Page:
Finding a home or residential property to rent in Moscow requires more than driving through the city and searching for To Let signs in apartment windows. There are more practical means to find your new home, which include:

Your Employer

In general, it is very unusual for an expatriate employee being brought to Russia by his employer to have to find and secure his own accommodation. The HR departments of most companies take responsibility for corporate renting of living quarters and, even if you are moving into a totally new position (and not replacing a previous incumbent), the HR Department would generally have prepared a short list of properties for you to view. In this guide we will attempt to orientate you, make sure you understand the vagaries of Moscow apartments and suggest pointed questions to ask before you agree to accept any offered accommodation.

The exceptions are mainly individuals setting up their own small and medium sized businesses or ‘pioneers’ establishing operations in Russia for their companies from scratch.

Depending on the seniority of your position and your family situation, you may be offered a package that includes a house in a country-side residential compound, close to an international school with two cars and drivers, one for you and one for your spouse. If you are a single, technical specialist, however, you will more likely be offered a one bedroom, central-Moscow apartment within a short metro ride of the office. The HR Department of your Moscow employer will help you make a determination about where to live based on the following factors:

  • What is your family situation?
  • How important is proximity to a school for you?
  • Are you a golfer and is golf likely to play an important role in your business networking on behalf of your employer?
  • Do you prefer to be within the city or in a country-side residential compound?

Relocation Agencies

If your employer does not offer the standard Human Resources assistance common to Moscow, we recommend contacting Troika Relocations where David Gilmartin’s long experience as an expatriate resident of Moscow will ease your way.

Real Estate Agencies

Agents usually charge a month’s rent as commission but add a layer of security to the rental process by verifying that all paperwork is truly in order. They also save you an enormous amount of time.

Working with an agent in Russia is similar to what you might expect in the United States or Europe. You first set up a meeting to discuss your needs and requirements. Based on this, the agent will scour an extensive database (sometimes available to you online) and provide you with a list of possible properties. Your agent will then discuss property and area amenities with you to help you select which apartments to view. Next, your agent will arrange and accompany you to showings. Once you decide to rent an apartment, your agent will facilitate the lease negotiations and paperwork so you can be sure of making a good deal and a solid contract.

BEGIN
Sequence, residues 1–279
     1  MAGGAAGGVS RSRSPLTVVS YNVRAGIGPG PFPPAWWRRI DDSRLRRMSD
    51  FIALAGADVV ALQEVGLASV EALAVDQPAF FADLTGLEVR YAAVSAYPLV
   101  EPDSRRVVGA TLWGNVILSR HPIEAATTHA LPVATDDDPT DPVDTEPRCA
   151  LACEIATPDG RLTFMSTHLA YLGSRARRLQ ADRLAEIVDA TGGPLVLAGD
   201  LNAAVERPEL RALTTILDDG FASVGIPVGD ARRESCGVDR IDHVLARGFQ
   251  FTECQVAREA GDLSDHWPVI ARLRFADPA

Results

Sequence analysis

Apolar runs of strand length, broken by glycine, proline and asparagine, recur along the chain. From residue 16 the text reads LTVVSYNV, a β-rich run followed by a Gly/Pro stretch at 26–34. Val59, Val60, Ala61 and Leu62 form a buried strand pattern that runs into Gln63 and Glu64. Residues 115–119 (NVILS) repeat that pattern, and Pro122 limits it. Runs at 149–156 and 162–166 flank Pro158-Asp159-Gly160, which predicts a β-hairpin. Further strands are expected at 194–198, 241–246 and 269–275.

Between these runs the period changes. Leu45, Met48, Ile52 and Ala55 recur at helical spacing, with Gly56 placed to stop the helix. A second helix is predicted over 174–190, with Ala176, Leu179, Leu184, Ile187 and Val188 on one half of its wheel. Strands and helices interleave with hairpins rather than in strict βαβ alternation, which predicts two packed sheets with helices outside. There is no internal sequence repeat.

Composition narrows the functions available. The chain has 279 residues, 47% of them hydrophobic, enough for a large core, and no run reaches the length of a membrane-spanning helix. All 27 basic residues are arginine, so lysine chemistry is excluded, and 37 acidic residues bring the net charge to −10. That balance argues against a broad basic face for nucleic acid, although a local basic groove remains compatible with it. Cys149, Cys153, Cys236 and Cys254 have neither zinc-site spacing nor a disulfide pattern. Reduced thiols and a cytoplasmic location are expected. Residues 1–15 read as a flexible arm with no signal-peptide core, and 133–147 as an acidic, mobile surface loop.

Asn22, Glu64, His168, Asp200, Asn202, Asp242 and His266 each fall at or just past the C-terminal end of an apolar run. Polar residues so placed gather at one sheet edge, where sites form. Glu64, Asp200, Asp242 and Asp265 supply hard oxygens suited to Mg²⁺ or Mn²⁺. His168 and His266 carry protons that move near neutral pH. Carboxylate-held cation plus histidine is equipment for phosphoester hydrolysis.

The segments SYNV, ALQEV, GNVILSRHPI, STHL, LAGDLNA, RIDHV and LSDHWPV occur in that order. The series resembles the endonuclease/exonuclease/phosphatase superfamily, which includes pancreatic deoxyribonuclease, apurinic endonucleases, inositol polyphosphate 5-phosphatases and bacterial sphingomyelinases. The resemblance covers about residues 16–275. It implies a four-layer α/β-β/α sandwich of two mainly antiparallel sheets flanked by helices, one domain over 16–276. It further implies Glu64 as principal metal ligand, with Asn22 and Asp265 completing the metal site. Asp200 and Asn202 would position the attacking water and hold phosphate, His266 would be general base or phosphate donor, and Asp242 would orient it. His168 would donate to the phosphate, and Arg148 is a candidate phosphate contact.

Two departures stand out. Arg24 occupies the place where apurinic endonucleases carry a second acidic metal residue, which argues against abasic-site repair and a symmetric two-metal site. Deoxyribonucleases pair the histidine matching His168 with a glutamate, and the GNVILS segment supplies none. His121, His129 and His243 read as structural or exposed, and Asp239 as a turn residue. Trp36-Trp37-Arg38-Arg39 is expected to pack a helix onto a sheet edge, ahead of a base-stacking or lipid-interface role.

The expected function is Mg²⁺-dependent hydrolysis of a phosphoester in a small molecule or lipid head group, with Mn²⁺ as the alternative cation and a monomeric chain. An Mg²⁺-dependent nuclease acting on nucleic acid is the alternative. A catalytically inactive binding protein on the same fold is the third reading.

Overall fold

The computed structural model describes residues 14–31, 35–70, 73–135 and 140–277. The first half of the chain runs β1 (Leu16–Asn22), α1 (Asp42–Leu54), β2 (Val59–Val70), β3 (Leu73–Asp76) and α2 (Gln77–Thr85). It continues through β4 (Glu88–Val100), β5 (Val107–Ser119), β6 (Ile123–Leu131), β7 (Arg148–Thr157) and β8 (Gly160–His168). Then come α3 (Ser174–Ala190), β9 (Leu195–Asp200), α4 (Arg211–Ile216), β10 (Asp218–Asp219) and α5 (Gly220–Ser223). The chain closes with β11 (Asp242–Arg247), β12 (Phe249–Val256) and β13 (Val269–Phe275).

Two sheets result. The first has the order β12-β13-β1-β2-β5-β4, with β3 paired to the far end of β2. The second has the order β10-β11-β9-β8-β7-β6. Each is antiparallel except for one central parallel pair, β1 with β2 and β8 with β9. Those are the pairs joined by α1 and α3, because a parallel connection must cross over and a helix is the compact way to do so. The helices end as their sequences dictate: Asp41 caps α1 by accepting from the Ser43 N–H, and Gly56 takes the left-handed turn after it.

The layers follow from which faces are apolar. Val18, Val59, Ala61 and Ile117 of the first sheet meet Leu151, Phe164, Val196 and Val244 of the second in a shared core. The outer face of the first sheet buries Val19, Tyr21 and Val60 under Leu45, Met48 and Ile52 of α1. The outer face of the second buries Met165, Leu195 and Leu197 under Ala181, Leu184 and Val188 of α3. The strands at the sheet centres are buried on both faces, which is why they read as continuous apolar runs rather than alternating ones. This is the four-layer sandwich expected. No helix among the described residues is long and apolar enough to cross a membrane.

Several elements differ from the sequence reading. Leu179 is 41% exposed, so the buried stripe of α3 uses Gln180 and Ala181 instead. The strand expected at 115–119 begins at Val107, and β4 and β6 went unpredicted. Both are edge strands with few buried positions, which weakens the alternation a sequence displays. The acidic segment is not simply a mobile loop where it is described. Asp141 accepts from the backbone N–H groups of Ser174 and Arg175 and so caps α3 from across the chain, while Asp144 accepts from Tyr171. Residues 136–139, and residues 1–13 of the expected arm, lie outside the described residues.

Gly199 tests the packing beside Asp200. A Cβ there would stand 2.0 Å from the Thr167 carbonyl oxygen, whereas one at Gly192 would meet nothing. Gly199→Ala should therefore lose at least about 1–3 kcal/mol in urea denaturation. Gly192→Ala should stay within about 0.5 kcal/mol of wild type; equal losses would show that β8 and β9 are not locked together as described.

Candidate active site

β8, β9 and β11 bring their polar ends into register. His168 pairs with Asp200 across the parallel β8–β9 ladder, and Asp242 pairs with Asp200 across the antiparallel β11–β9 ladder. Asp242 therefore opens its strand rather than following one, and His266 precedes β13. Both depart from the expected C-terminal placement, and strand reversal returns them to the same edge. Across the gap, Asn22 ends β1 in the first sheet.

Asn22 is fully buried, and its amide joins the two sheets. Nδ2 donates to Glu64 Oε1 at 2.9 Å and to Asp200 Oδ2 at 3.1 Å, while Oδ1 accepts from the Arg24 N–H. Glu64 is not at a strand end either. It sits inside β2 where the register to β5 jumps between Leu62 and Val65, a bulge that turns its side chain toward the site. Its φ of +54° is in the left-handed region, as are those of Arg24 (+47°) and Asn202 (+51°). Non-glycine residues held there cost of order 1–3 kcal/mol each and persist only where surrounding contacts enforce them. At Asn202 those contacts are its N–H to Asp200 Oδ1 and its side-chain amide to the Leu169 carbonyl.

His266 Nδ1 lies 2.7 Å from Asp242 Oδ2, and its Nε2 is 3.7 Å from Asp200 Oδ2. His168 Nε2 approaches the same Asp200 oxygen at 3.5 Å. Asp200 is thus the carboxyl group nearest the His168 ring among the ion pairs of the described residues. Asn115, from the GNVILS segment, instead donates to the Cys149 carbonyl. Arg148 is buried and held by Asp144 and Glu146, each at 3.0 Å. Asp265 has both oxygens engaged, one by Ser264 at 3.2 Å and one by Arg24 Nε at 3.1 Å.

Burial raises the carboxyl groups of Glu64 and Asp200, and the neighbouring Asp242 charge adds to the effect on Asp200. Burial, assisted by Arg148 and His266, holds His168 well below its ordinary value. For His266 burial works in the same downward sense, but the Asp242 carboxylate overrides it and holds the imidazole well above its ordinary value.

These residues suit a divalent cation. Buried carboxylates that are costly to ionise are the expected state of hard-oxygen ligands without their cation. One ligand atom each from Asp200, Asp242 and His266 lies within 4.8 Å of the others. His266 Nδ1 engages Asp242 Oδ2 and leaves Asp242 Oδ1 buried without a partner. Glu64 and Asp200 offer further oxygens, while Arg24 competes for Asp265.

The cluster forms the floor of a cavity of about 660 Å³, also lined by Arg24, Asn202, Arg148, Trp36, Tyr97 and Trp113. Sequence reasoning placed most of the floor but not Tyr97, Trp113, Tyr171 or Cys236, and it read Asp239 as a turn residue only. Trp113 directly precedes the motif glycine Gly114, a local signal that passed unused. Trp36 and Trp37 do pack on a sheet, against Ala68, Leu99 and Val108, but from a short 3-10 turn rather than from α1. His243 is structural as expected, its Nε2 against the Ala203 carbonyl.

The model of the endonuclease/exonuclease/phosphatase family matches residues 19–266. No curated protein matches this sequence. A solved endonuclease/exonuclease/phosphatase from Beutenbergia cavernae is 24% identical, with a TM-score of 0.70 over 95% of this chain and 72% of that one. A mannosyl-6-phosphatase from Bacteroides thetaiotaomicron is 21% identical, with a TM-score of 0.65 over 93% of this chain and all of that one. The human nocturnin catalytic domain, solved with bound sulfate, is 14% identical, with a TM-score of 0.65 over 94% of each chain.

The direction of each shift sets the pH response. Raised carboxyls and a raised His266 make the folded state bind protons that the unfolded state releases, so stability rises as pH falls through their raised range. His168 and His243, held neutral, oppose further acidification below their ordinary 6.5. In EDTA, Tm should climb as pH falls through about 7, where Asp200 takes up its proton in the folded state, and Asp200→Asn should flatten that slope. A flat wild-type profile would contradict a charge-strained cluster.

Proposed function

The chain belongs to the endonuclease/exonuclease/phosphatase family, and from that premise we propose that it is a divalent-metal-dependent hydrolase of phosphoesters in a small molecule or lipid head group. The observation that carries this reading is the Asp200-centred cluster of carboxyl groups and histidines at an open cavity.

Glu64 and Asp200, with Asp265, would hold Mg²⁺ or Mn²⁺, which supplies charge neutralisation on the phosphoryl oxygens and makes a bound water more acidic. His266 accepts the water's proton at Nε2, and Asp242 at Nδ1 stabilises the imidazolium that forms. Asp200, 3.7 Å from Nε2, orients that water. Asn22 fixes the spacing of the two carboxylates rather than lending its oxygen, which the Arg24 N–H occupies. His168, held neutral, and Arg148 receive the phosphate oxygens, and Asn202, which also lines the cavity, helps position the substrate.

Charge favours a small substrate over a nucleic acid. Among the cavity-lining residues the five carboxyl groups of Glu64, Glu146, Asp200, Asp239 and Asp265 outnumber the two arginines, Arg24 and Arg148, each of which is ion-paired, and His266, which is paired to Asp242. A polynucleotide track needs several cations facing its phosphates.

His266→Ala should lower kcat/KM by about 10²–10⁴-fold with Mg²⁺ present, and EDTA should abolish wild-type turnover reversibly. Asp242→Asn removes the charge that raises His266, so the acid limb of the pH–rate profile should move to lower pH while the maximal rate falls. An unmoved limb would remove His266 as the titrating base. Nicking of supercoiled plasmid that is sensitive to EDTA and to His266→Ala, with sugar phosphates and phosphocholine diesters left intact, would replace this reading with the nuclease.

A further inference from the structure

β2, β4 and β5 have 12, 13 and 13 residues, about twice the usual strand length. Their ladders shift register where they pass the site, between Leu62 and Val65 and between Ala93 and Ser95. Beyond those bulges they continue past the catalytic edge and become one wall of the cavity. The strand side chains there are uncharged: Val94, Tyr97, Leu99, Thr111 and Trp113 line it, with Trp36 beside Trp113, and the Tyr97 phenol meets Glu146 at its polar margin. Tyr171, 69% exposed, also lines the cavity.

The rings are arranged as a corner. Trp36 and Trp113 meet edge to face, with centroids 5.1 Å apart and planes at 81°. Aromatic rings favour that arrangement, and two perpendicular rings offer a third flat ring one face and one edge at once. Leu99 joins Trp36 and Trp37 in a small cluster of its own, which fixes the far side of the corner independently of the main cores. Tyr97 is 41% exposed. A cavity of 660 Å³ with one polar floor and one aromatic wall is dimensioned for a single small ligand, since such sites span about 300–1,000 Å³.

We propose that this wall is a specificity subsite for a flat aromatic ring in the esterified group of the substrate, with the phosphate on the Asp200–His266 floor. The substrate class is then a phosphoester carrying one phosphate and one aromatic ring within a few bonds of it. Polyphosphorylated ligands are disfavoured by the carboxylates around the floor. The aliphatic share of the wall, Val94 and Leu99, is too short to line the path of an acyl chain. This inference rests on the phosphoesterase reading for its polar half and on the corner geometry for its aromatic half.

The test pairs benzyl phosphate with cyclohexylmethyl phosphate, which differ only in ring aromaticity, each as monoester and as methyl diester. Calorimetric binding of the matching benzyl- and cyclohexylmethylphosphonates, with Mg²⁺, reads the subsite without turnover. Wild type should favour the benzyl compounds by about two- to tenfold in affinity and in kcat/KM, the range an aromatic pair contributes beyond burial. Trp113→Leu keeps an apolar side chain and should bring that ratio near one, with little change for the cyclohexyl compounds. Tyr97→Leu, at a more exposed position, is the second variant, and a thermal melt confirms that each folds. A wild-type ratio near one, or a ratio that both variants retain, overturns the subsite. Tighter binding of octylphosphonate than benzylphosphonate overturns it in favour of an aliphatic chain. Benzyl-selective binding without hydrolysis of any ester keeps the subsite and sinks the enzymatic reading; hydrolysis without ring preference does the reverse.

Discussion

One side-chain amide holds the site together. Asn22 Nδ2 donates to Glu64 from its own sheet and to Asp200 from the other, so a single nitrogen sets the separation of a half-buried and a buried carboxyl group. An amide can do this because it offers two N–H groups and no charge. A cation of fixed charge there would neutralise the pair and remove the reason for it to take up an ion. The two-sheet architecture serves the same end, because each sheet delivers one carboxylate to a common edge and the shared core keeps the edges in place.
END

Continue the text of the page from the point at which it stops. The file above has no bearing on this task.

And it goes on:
The following agencies all have English-language websites and staff members and are experienced in dealing with expatriates:

Newspaper Classifieds and Internet

Newspaper classified and internet sites offer a bevy of real estate ads, however, you should approach them with caution. Unfortunately, scams abound, and you may find yourself out of money and out of an apartment. In general, it is not advisable to rent an apartment without the services of an agent. Even the majority of Muscovites would not do so. If you do decide to go it on your own, never trust a private person who insists on a deposit or first months rent payment prior to your moving in, and always insist on seeing the documents proving the person you’re dealing with is the actual (and only) owner of the apartment.

In Russia, every permanently registered resident of an apartment has ownership rights, and partial ownership rights to an apartment can be sold just as an entire apartment can. Just because you’ve signed a lease with one owner of the apartment, doesn’t mean the other owner or owners will not suddenly move in to their part.

Newspaper Classifieds

The Moscow Times (Mon-Fri) publishes a monthly Real Estate Catalogue supplement which is bundled with the free newspaper and available from hotels, restaurants and business centres.

For the biggest choice you will require a Russian-reading assistant to go through the weekly Iz Ruk v Ruku (“From Hand to Hand” classified advertising newspaper) with an extensive property section on Thursdays and specialist property publications such as the fortnightly Nedvizhimost I Tsena (Real Estate and Prices) weekly magazine which goes on sale Mondays in most newspaper kiosks for 25 RUR and also available free in some business centres.